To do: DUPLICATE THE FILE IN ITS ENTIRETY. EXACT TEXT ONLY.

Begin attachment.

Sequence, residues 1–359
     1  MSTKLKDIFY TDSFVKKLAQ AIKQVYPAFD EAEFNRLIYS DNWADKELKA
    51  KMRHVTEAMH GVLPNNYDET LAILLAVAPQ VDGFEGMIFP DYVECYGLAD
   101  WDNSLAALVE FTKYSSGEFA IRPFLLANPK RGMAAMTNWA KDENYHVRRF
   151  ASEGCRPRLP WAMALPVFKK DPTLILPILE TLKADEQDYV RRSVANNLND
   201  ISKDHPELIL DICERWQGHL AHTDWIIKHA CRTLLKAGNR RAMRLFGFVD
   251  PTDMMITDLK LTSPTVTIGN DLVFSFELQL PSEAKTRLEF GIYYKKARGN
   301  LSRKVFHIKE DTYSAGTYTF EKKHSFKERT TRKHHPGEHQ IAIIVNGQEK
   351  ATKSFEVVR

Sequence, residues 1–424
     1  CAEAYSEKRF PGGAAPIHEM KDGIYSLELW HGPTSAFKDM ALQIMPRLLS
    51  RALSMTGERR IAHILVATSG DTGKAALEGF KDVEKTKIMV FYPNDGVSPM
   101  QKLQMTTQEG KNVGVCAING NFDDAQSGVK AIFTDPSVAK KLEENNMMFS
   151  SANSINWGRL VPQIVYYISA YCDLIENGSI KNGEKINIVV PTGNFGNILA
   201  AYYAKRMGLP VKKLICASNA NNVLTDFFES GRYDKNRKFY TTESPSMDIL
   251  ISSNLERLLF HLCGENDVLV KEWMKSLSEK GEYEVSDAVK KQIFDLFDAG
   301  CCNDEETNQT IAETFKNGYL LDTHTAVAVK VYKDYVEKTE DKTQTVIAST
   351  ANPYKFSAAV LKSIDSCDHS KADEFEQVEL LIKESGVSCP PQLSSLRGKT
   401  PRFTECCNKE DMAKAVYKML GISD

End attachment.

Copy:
Sequence, residues 1–359
     1  MSTKLKDIFY TDSFVKKLAQ AIKQVYPAFD EAEFNRLIYS DNWADKELKA
    51  KMRHVTEAMH GVLPNNYDET LAILLAVAPQ VDGFEGMIFP DYVECYGLAD
   101  WDNSLAALVE FTKYSSGEFA IRPFLLANPK RGMAAMTNWA KDENYHVRRF
   151  ASEGCRPRLP WAMALPVFKK DPTLILPILE TLKADEQDYV RRSVANNLND
   201  ISKDHPELIL DICERWQGHL AHTDWIIKHA CRTLLKAGNR RAMRLFGFVD
   251  PTDMMITDLK LTSPTVTIGN DLVFSFELQL PSEAKTRLEF GIYYKKARGN
   301  LSRKVFHIKE DTYSAGTYTF EKKHSFKERT TRKHHPGEHQ IAIIVNGQEK
   351  ATKSFEVVR

Sequence, residues 1–424
     1  CAEAYSEKRF PGGAAPIHEM KDGIYSLELW HGPTSAFKDM ALQIMPRLLS
    51  RALSMTGERR IAHILVATSG DTGKAALEGF KDVEKTKIMV FYPNDGVSPM
   101  QKLQMTTQEG KNVGVCAING NFDDAQSGVK AIFTDPSVAK KLEENNMMFS
   151  SANSINWGRL VPQIVYYISA YCDLIENGSI KNGEKINIVV PTGNFGNILA
   201  AYYAKRMGLP VKKLICASNA NNVLTDFFES GRYDKNRKFY TTESPSMDIL
   251  ISSNLERLLF HLCGENDVLV KEWMKSLSEK GEYEVSDAVK KQIFDLFDAG
   301  CCNDEETNQT IAETFKNGYL LDTHTAVAVK VYKDYVEKTE DKTQTVIAST
   351  ANPYKFSAAV LKSIDSCDHS KADEFEQVEL LIKESGVSCP PQLSSLRGKT
   401  PRFTECCNKE DMAKAVYKML GISD